Published: April 3, 2014
Jennifer Selby Long, Selby Group
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Five Steps to a Better Off-Site

Getting your leadership team out of the office for focused discussion, debate, and planning is one of the best tools to build your organization’s competency and improve performance.

But far too often, inexperienced leaders try to copy what someone else did in a different organization, and when they return to the office – if they are honest – they have to admit that they didn’t get much of an outcome at all.

There’s a lot involved in getting an off-site right. Here are five steps that are often overlooked, and that can make the difference between success and failure.

  1. Define the exact outcome that you want. Note that I didn’t say “outcomes.” This is intentionally singular, because one outcome must dominate over all others.

    Think about the one thing you must achieve at this off-site, above all else. That determines what you have to do at the off-site, and everything else must be categorized as nice to do.

    This lack of willingness to put a stake in the ground and hold firm leads to more mediocre off-sites than all other issues combined. That’s how you wind up with an off-site that crams in too much, with no depth to any of it, and delivers no value to the organization. At that point, the value actually turns negative, since the organization has just invested money in the off-site along with the very high value of a management team’s time. We’ve all attended off-sites like this. Don’t be the guy or gal who leads off-sites like this.

  2. Require non-negotiable pre-work for everyone. If your outcome is a cross-functional plan to execute your roadmaps, it is a massive, wasteful time suck to ask each business owner to present a short deck of his or her roadmap, followed by Q&A. Yet, time and again, leaders tee this up as their off-site design.

    If they’ve all created roadmaps, they’re all perfectly capable of reading and critiquing one another’s roadmaps on their own. Require everyone to share in advance what they most want help with on their roadmaps and who their key stakeholders are. Then require them to read all of the roadmaps and prepare their questions, criticisms, and any gaps, overlaps, or misalignments they see between the roadmaps.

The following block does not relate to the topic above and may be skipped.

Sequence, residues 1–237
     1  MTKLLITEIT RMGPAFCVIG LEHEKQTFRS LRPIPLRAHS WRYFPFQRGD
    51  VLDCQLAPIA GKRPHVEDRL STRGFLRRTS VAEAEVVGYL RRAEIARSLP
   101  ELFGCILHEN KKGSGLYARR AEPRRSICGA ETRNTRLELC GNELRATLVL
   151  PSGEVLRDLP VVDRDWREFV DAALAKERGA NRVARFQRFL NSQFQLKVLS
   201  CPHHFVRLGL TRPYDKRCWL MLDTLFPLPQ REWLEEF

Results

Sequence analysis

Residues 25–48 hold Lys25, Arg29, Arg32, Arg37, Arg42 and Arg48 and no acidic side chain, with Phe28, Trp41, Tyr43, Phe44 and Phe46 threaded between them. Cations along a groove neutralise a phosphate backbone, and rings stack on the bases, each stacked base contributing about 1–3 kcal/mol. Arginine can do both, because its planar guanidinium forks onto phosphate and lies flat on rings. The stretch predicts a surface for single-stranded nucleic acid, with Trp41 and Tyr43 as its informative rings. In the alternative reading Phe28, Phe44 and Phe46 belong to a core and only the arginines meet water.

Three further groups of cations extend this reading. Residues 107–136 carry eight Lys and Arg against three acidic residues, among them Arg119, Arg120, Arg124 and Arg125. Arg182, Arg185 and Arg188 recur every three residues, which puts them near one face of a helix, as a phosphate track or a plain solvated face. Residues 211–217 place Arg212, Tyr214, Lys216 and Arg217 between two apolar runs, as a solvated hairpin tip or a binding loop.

This way, everyone comes prepared to get to work, which leads me to the next step...

  3. Get to work fast, and don’t let up. I’m not saying to skip icebreakers or warm-up activities. In fact, you should start with one. However, continuing with our example, if your off-site outcome is going to be a cross-functional execution plan, you need to split quickly into interdependent work groups and dive into each plan, using the pre-work as the jumping off point.

  4. From time to time, remind everyone of the outcome. Everything else is gravy, but many people like gravy more than potatoes, so expect them to veer in the direction of spending too much time on secondary outcomes. It’s probably the first time they’ve all been together in six months, so it’s easy to start discussing things that have little to do with the outcome you want to achieve.

    If you’ve set your scope properly, though, you will need most or all of the off-site time to achieve your outcome. Until you feel very confident that you’ll hit that target, you need to keep them focused on it. After that, sure, give them space to tackle secondary outcomes.

  5. I admit this is a little soft, but do not let the off-site end without doing something blatantly celebratory. I bring little statues that look like Oscars, and my clients decide what to award them for. We make a big deal out of it, with a ceremony and pictures. Unless your business is circling the drain, I’d also strongly advise you to take everyone out for dinner on the company’s dime, and make that event celebratory, too.

And because I can’t resist adding a bonus tip, here it is: Use the 30-second check-in technique at the end of each day. Sounds corny, but it’s actually very serious. Stand in a circle. Tell everyone they have 30 seconds to share anything at all with the whole group.

Your facilitator should keep track of the time and interrupt with a polite, “thank you!” if anyone is still talking at his or her 30-second mark. This activity must stay on time.

Use what people say to help make any adjustments or even substantial changes to your Day 2 agenda and your post-off-site follow-up plan.

What are your thoughts about improving off-sites? Let me know at www.jenniferselbylong.com.

 

 



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